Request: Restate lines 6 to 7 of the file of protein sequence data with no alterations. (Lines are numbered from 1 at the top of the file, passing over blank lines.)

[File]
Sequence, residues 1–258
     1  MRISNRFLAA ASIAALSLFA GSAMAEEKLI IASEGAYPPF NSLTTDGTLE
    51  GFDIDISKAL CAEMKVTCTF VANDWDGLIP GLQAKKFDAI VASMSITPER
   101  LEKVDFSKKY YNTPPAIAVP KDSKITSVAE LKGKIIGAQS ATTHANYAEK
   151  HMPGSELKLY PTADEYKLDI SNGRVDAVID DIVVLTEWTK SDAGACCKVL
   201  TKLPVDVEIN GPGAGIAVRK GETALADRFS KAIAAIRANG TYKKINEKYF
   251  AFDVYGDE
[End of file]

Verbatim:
   201  TKLPVDVEIN GPGAGIAVRK GETALADRFS KAIAAIRANG TYKKINEKYF
   251  AFDVYGDE